Brad Pitt, Jonah Hill, Moneyball

Sony Pictures

Review in a Hurry: Billy Beane (Brad Pitt) may frequently wonder aloud how anyone could not find baseball romantic, but it's actually pretty easy. A bunch of guys standing around in a field waiting to hit a round ball with a stick...well, there are endless subtleties to be found within for the faithful, and they will likely get the most out of this movie.

For the rest of us, the entertaining banter between Pitt and Jonah Hill isn't quite enough to make such an insular world compelling.

The Bigger Picture: The Social Network came close to winning Best Picture last year because it managed to be a fascinating look at backstabbing colleagues regardless of whether or not the viewer understood how to use Facebook. Moneyball—shot in a David Fincher-like hi-res, heavy-shadow sheen by The Dark Knight's cinematographer Wally Pfister—does its best to make a debate about baseball statistics interesting.

But if you don't care about the game, it's really hard to tell why you should have any emotional investment in the tale.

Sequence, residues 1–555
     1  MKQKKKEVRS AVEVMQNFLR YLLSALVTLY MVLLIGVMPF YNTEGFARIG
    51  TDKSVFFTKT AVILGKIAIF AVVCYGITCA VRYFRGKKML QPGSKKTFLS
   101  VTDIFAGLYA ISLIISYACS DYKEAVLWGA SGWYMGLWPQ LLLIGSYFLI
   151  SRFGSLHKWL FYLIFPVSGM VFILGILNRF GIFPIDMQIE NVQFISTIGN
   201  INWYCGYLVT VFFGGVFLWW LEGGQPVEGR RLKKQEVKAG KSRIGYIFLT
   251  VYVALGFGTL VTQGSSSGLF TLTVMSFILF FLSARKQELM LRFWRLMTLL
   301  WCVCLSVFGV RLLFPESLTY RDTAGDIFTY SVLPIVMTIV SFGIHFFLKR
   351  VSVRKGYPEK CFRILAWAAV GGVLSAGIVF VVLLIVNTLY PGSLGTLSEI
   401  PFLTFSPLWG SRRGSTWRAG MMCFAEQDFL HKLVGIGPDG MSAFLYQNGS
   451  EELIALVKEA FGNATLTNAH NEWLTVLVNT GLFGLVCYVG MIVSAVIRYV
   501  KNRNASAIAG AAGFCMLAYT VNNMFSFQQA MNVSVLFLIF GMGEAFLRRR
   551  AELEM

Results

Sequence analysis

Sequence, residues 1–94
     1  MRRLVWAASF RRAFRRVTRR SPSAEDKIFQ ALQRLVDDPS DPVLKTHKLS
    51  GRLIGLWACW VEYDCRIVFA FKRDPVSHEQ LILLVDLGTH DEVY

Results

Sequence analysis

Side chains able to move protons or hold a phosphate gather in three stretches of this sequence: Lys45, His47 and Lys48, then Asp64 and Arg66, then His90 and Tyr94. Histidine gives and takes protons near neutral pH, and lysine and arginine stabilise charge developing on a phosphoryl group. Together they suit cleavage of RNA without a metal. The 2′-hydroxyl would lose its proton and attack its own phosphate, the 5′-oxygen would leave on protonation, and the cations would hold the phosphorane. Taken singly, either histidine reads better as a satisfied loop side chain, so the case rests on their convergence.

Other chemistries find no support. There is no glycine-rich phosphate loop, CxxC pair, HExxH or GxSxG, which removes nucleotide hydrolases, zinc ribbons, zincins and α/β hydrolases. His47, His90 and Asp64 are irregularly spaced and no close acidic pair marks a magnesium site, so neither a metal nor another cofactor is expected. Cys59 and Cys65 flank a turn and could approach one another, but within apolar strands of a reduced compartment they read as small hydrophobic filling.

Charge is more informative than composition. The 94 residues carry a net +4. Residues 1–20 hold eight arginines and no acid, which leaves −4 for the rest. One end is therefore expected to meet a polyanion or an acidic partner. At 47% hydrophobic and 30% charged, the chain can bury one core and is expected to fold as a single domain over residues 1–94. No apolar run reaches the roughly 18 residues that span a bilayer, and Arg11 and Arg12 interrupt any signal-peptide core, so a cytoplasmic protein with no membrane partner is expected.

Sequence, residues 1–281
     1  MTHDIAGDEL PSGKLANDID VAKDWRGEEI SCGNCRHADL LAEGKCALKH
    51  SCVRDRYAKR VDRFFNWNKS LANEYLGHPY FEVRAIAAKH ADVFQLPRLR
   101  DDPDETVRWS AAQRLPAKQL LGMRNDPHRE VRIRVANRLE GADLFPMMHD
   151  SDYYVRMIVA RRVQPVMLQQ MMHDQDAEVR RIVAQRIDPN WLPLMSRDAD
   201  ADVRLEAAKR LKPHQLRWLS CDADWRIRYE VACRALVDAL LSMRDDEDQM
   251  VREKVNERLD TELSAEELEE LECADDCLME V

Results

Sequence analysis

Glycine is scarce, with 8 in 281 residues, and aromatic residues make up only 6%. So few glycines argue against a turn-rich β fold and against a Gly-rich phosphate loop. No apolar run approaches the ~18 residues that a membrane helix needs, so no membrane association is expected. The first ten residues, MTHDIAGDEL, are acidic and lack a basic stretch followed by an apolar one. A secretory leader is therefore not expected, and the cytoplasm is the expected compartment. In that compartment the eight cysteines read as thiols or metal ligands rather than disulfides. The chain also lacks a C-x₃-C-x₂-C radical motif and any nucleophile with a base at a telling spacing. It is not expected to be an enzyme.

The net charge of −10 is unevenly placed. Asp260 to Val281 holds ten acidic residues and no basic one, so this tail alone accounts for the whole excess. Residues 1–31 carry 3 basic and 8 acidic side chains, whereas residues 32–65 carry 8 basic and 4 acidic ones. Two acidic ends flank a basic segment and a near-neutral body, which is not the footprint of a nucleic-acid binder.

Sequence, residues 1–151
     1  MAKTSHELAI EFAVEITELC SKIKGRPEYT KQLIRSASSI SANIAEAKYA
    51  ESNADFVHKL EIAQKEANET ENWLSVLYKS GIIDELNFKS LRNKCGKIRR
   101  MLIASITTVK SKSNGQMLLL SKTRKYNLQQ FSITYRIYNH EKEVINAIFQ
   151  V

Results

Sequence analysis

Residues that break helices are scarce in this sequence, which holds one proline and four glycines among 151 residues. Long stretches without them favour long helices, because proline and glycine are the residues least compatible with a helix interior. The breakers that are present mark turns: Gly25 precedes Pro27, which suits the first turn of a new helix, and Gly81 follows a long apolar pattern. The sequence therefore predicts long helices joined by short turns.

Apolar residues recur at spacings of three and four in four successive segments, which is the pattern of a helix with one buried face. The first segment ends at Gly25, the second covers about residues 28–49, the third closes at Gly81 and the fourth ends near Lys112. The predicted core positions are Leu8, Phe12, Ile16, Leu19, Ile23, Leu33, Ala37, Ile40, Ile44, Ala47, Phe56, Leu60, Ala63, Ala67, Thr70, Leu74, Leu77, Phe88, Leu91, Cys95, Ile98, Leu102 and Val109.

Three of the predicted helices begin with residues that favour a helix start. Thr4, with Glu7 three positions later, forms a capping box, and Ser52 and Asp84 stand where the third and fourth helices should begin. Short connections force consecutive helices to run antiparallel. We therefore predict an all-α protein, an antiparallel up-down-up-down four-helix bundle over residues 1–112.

Beane, a real-life player-turned-scout, and his hand-selected assistant GM Peter Brand (Hill), a fictionalized composite, made waves by assembling teams based on achievement statistics and correlations rather than the inherent talents of the individuals (this was partially out of financial necessity, as the Oakland A's couldn't afford the best players).

The strategy surprised many observers by succeeding, at least initially—but for those who don't know the real story, the suspense here is whether it can hold up through an entire season. The rub is that the only people who really care about the answer likely already know it.

Yes, it's fun to watch Pitt and Hill trade funny lines, many of which were written by The Social Network's Aaron Sorkin. And there's some satisfaction to be had any time irreverent rebels stand up against a staid system that has closed itself off to new ideas.

But Pitt-as-Beane seems like a generally chill dude (save one or two tantrum-ish moments) who'll be fine no matter what happens, and the moral of the story is to enjoy the journey, win or lose.

In case that isn't clear to you, young Kerris Dorsey, as Beane's daughter, sings a Juno-esque song over the end credits with lyrics that spell it out (Dorsey is great otherwise; it's not her fault she got saddled with the climactic public service announcement).

It's tempting, and futile, to imagine what original director Steven Soderbergh could have done with the same story, as opposed to Capote's Bennett Miller.

The 180—a Second Opinion: Sports fans seeking intellectual justification for their obsession will probably find it, somewhere in here.

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